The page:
Getting to Know an Olympic Champion: Q&A with WWS Member Golda Marcus
Golda gets ready to swim the Golden Gate Bridge in 2014.
Golda takes the plunge at the 2016 Alcatraz Classic.
Swimming at the 2008 Beijing Olympics (above and below)
As the pool competition comes to a close and open water takes center stage at the 2016 Summer Olympic Games in Rio (women’s 10K final is Monday; men go for marathon swim medals on Tuesday), we caught up with former Olympian and Water World Swim member, Golda Marcus, who represented El Salvador in the 2004 Olympic Games in Athens, Greece and in the 2008 Olympic Games in Beijing, China. She competed in the 400m freestyle and 800m freestyle in both games. Here, Golda reflects on her experience at the Olympics, her love for the Bay, and we share more fun facts about this champion athlete.
How and when did you get started swimming?
I picked up swimming early and quickly. I grew up in Florida, where you are surrounded by water, and at 18 months old my grandmother decided for some reason to let go of me in the pool, just to see what would happen. Instead of sinking, I apparently started kicking, making forward progression towards her. My mom definitely flipped out a little when she saw this, but it made her decide to enroll me in swim lessons. By the age of two, I was swimming all four strokes.
When did you realize this was more than just something casual?
I was a gymnast and a swimmer growing up, and at one point I was a diver and a swimmer. But there was always something about the water I found extremely calming. It took all the stress from the day away. I forgot about school, my homework, exams, book reports, kids that teased me because I always smelled like chlorine. It was just me and the water; it was my happy place.
When did your Olympic dream start?
It was 1988; I was five years old. The Olympics were in Seoul, Korea. My grandfather was my number one supporter, my number one fan. He didn’t know how to swim, but he knew that I loved it, and he developed a passion for it. He called me into the living room and announced that swimming was on. I ran to him and sat in his lap. I asked, “Grandpa, who is that? The girl wearing the dark cap with the American flag on it?” He replied, “That’s Janet Evans. She’s already won gold in the 400 Individual Medley and she’s gonna win again in the 400 free.” As I watched Janet swim her 400F, taking windmill stroke after windmill stroke. I knew I was witnessing something historic, even at just five-years-old. Janet touched the wall first in a 4:03, a world record time which stood for about 20 years. I knew at that moment that’s what I wanted to do; I wanted to go to the Olympics. I asked my grandfather if it was possible I could go for my own country of El Salvador. He told me something that's been engraved in my mind since I was a child: “You have to see yourself at the Olympics. You have to see yourself achieving your goal. If you can see it and believe it, then anything is possible.” A couple weeks later, I quit gymnastics and diving. From the moment I watched Janet Evans swim on TV, I wanted to be like her.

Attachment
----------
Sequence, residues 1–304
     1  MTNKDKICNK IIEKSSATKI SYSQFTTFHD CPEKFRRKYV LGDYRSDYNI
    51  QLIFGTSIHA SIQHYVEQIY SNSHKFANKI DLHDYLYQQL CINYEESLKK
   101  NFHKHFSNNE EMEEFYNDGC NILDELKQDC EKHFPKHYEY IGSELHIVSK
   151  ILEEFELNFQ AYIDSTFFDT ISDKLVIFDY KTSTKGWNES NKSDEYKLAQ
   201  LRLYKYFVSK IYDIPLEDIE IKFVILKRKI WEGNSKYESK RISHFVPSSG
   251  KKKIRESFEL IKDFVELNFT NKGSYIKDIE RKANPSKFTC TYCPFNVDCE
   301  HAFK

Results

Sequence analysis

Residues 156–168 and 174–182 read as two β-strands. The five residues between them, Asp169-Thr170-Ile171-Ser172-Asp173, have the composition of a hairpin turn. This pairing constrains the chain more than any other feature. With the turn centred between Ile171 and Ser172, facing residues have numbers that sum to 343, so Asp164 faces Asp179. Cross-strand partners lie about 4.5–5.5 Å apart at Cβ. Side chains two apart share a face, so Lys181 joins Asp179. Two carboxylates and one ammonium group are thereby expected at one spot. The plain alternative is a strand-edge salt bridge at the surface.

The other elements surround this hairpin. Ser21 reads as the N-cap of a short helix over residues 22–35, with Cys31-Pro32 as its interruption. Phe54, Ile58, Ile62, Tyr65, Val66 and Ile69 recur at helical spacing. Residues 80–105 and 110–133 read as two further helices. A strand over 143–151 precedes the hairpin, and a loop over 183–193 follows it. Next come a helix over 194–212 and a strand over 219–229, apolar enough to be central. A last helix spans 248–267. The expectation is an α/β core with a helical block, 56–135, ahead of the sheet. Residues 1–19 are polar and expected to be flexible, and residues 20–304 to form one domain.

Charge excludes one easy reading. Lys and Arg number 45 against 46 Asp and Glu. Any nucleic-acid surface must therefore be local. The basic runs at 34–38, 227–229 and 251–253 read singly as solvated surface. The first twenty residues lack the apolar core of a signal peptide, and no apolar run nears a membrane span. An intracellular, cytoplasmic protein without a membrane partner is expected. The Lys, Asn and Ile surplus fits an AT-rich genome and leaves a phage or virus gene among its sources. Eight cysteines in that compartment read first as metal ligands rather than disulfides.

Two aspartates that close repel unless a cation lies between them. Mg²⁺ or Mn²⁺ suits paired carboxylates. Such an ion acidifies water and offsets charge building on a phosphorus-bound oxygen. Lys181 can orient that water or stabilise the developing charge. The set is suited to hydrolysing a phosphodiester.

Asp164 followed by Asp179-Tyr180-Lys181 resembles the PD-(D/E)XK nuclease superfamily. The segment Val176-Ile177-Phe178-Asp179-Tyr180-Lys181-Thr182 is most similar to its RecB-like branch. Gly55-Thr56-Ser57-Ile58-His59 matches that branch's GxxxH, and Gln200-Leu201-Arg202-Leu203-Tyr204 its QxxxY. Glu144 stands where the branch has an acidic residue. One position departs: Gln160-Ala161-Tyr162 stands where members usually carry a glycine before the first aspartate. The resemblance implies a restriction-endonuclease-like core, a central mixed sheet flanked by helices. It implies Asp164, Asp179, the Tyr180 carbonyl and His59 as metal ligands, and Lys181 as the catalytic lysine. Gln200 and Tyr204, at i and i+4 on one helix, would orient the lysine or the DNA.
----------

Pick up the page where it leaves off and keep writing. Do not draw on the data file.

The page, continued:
What is your most vivid memory from the games?
Easily the opening ceremony. The process take at least a few hours and is exhausting. I smiled ear to ear when El Salvador was called (teams proceed into the arena according to the host country’s alphabet). The culmination of my childhood dream--not just once, but twice--sometimes I still can’t believe it happened. To have the honor to hear your country announced to the world and to wear your country’s colors and your country’s crest for all to see is not something you can put it into words.
Finish this sentence: The most unexpected thing for me at the Games was…
Tearing my right shoulder in Beijing. I had already torn my shoulder at this point twice prior to arriving in China. I did not expect to tear it a third time. During a practice session, I felt some discomfort and went to go see a doctor for a possible massage. I ended up receiving a deep tissue massage of sorts, but during one of the stretches, he accidentally stretched my arm too much, causing my shoulder to pop. I felt this immense pain and burning sensation running through my shoulder and right pectoral. The pain was so intense, I remember seeing stars. But like the athlete that I was I had to go on. I rested that afternoon and dove into my final workout the following morning, with no pain, but an extremely weak right shoulder.
When did you transition to open water swimming?